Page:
The paradox of Trump is that greater transparency will not teach us anything. There is nothing to learn from Trump’s taxes. It is a given that he pays very little, that he has donated next to nothing to charity and that he has reneged on his pledges. He is worth less than he claims, but so what? He is as he appears, a flamboyantly tanned liar who, some dislocated visitor from Mars might conclude, is a pumpkin running for president. The mystery is not Donald Trump. The mystery is the people who support him.

Luntz asked about Clinton’s use of a personal server for her emails. By itself this is mere piffle. Historians of the future will be baffled by what a to-do we’ve made of it and how we’ve allowed an epic liar such as Trump to constantly accuse her of committing a crime. What crime? Is it similar to the one Colin Powell committed when he was secretary of state and used a personal email account for government business? Apparently not. I don’t hear Rep. Jason Chaffetz (R-Utah), the chairman of what amounts to the Permanent Special Committee to Harass Hillary Clinton, vowing to go after Powell, as he has Clinton.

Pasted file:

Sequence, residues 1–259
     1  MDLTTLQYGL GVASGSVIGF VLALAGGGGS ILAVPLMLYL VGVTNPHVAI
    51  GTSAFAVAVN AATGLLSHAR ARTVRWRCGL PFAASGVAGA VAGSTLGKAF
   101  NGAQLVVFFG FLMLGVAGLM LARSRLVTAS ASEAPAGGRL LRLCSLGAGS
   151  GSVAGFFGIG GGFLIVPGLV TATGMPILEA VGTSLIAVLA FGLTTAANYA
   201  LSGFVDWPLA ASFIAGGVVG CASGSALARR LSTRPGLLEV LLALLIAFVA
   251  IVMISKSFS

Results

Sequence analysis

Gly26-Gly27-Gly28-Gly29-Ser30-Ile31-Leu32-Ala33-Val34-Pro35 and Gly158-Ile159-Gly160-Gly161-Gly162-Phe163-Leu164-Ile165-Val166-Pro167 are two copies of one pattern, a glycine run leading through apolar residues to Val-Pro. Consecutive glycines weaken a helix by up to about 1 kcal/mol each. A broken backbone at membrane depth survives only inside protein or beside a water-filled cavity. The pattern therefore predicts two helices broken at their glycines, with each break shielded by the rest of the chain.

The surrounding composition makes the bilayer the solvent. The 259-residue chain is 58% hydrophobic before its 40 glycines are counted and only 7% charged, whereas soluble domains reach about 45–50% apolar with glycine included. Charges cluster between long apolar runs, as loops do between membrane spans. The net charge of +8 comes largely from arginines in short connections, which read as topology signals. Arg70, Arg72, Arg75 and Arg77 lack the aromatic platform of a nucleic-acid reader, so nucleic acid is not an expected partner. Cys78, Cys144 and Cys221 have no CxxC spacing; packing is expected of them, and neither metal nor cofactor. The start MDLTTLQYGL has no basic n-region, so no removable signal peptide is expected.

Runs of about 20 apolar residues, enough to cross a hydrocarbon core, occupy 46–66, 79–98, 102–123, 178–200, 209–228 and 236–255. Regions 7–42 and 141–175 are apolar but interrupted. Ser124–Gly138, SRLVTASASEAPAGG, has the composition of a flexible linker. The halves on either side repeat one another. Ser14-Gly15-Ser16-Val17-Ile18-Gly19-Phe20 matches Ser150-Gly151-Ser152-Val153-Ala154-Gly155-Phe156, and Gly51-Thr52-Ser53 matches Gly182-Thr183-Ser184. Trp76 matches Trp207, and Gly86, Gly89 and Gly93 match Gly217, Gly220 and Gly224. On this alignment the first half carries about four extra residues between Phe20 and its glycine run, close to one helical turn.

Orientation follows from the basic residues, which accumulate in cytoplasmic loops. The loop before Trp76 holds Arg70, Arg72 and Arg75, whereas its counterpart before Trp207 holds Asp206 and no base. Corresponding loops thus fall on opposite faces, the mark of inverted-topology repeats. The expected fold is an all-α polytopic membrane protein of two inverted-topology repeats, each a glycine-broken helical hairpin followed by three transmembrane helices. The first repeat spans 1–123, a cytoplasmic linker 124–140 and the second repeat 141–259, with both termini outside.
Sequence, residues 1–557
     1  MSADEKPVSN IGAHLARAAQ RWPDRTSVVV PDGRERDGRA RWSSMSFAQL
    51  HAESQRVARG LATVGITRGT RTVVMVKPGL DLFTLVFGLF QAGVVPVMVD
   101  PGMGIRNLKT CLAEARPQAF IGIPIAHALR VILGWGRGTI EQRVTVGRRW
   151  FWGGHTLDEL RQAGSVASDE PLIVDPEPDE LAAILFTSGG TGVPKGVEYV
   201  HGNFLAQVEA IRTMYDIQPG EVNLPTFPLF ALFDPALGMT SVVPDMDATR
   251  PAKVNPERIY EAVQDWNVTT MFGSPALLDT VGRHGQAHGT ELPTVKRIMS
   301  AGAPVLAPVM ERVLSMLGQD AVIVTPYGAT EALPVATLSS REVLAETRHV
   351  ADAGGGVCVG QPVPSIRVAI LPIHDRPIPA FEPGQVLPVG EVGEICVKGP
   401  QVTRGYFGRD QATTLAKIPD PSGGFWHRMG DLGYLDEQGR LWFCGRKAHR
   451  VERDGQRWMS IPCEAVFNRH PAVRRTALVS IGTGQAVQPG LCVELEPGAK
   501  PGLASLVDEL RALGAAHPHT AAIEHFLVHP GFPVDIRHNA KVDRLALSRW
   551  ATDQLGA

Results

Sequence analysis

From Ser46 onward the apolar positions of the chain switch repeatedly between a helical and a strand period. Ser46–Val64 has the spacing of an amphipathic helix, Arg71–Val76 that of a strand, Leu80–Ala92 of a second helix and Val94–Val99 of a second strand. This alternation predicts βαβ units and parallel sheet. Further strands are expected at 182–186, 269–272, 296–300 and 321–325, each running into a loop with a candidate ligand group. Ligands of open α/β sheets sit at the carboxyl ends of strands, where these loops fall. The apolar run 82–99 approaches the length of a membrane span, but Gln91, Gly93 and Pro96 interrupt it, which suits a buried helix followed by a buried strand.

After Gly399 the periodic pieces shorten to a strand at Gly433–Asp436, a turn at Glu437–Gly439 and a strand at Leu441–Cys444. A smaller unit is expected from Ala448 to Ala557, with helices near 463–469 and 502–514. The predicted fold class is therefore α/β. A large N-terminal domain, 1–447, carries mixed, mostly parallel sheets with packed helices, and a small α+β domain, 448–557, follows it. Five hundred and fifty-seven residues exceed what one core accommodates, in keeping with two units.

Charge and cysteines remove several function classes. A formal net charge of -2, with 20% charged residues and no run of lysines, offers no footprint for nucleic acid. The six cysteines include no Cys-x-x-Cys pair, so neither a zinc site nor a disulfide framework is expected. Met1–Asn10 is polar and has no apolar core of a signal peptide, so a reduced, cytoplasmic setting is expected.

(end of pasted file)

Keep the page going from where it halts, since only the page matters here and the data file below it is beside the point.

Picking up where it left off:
In 1978, the public intellectual Susan Sontag published “Illness as Metaphor.” Sontag herself suffered and died from cancer, which is the disease she originally had in mind, but she later expanded her thesis to AIDS, which some considered not simply a disease but (just) retribution for a gay lifestyle. That ugly metaphor still kicks around a bit, but the notion that we somehow earn our diseases causes us to look for the chink in someone’s armor to explain their death — ah, he smoked, ah, he was overweight, etc. In Hillary Clinton’s case, the metaphor is transparency. It could prove politically fatal.


Orlando Shootings Could Change U.S. Gun Laws


The Orlando mass shooting is different from the terrorist attacks in Brussels, Paris and San Bernardino, California. Different also from the massacre at Sandy Hook Elementary School in Newtown, Connecticut, or the multiplex movie theater in Aurora, Colorado, or the Virginia Tech mass shooting in Blacksburg, Virginia. 

When Omar Mateen killed at least 49 people and wounded more than 50 others early Sunday at the Pulse nightclub in Orlando, Florida, the victims were not a random group of people sharing the same physical space. They were all part of the lesbian, gay, bisexual and transgender community. 

With this, the Orlando massacre could prove to be a turning point in the gun-control debate. Mateen may have cemented an alliance between gun-regulation advocacy groups and the well-organized LGBT social movement. It could catalyze the mobilization of a united front that expands the political and social reach critical for passing meaningful gun regulations.